India — China on Sunday again blamed India for the border friction in eastern Ladakh but couched its anti-India rhetoric by saying New Delhi and Beijing are friends and partners, not rivals.
Addressing his annual press conference, state councillor and foreign minister, Wang Yi first said India and China should not undercut or be suspicious of each other but went on to add that the rights and wrongs of what happened at the border last year were clear, tactfully putting the blame on India for the worst military standoff between the two countries in decades.
The Chinese diplomat did acknowledge that it was on both countries to jointly maintain peace and tranquility along the border.
“The right and wrongs of what happened in the border area last year are clear, so are the stakes involved. It again proves that initiating confrontation will not solve the problem. Returning to peaceful negotiation is the right way forward,” Wang said during his press interaction with foreign and local journalists on the sidelines of the ongoing session of China’s rubber-stamp parliament, the National People’s Congress (NPC).
“China’s position is very clear. We are committed to settling the boundary dispute through dialogue and consultation. At the same time, we are resolved to safeguard our sovereign rights and interests,” he said.
India has consistently denied China’s allegation of provoking friction along the Line of Actual Control (LAC) in eastern Ladakh and have said that Chinese border troops were the first to trespass across the disputed boundary, triggering the faceoff and deaths of border troops on both sides.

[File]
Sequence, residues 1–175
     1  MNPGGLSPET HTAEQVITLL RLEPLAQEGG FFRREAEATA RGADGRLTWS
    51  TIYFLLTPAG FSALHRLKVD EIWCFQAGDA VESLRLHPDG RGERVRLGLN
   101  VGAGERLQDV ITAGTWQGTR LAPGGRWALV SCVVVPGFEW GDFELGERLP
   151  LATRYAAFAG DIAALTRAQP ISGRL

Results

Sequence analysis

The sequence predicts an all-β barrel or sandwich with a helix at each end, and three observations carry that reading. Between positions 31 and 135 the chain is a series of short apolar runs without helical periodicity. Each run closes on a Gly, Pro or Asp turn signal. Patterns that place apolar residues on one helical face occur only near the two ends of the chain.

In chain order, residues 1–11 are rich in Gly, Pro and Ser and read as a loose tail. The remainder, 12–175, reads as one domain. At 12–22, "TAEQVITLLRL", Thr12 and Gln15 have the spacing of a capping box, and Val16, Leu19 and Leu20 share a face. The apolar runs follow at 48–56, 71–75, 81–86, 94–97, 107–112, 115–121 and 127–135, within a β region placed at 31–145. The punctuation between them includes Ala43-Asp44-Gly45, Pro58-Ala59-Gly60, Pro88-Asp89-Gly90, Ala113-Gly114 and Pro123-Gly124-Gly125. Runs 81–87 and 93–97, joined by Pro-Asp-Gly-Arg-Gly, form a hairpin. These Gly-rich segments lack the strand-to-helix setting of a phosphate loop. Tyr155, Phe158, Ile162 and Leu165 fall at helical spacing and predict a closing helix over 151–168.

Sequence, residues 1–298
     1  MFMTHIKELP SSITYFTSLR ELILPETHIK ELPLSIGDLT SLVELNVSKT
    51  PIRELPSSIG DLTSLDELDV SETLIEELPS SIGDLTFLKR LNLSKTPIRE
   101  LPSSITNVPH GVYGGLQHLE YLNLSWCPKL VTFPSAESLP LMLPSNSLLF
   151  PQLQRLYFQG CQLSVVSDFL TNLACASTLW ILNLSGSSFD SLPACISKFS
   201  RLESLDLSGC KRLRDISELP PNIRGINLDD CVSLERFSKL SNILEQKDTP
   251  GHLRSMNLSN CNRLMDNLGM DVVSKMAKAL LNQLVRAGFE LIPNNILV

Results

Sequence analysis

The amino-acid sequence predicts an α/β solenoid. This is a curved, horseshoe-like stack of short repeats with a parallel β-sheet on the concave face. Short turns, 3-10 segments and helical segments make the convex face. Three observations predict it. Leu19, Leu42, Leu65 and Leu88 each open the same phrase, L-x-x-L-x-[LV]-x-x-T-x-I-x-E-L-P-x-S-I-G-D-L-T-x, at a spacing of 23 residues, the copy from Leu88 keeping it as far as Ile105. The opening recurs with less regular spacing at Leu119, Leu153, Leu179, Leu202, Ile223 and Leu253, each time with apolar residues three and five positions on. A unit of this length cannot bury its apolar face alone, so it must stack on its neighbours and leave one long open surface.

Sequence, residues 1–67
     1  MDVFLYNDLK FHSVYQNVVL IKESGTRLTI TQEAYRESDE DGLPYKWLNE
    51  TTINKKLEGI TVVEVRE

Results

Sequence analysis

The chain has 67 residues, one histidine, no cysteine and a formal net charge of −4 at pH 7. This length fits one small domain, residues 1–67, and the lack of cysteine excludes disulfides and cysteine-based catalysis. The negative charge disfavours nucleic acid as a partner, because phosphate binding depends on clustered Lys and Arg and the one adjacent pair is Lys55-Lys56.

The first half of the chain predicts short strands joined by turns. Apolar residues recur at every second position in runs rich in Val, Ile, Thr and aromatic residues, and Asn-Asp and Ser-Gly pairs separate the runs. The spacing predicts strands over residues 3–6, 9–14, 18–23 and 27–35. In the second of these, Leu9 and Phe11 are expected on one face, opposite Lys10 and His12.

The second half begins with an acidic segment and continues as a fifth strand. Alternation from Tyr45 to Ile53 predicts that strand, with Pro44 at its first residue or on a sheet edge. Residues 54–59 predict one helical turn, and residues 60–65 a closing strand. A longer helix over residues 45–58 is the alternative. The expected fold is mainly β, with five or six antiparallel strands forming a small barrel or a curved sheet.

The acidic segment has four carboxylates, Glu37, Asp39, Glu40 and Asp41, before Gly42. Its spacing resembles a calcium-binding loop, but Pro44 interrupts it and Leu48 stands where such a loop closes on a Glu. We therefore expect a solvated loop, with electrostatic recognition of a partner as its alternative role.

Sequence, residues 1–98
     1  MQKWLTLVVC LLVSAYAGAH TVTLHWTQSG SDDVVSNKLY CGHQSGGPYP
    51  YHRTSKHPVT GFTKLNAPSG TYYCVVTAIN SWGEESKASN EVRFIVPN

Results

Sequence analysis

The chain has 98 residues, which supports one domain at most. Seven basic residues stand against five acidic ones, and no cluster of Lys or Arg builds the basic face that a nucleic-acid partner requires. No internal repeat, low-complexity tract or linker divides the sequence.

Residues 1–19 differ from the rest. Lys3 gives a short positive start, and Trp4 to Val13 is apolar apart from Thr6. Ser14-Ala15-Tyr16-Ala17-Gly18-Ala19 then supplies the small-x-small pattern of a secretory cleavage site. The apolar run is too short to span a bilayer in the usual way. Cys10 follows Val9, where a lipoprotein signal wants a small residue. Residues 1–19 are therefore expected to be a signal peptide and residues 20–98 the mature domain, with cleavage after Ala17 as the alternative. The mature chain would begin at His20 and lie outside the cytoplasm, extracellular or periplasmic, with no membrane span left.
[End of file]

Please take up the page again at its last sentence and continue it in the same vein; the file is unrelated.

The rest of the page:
“It falls on both sides to solidify existing consensus, strengthen dialogue and communication, and improve various management mechanisms to jointly safeguard peace and tranquility in the border area,” Wang added.
One of China’s top diplomats, Wang was responding to a question on the way ahead for Sino-India ties in the backdrop of the partial disengagement of border troops from near the Pangong lake.
The first part of Wang’s response gave the impression that China had softened its one-sided narrative against India.
“The China India relationship is essentially about how the world’s two largest developing countries get along and pursue development and rejuvenation together,” he said, adding that the two countries have “broad common interests and tremendous potential for cooperation”.
“On many important issues, our positions are the same or close due to similar national realities. Therefore, China and India are each other’s friends and partners, not threats, or rivals. The two sides need to help each other succeed instead of undercutting each other. We should intensify cooperation instead of harbouring suspicions of each other,” Wang added.
Wang reiterated the point he made to external affairs minister, S Jaishankar during a phone conversation last week that the border dispute is not the entirety of Sino-India ties.
“The boundary dispute, an issue left from history, is not the whole story of the China-India relationship. It is important that two sides manage disputes properly and at the same time expand and enhance cooperation to create enabling conditions for the settlement of the issue.”
New Delhi has made it clear to Beijing – as recently as on Friday — that the way to improve bilateral ties only lies through peace and tranquility at the border and the road to normalcy lies only through disengagement and de-escalation all along the LAC.
During the phone call with Jaishankar, while Wang had suggested the two sides should set aside the border issue, the Indian minister had insisted bilateral ties could be repaired only by completing disengagement at all friction points.
For the year ahead, Wang said: “.we hope India will work with China to truly deliver on important common understanding reached by our leaders that both are not threats to each other but opportunities for each other’s development.
Together we can bring great benefits for 2.7 billion people in China and India and make great contributions for the advent of the Asian Century.
During his lengthy – and choreographed – press conference, Wang answered about 25 questions on topics ranging from China’s ties with the US, Russia and Asean, electoral reforms in Hong Kong and the situation in Myanmar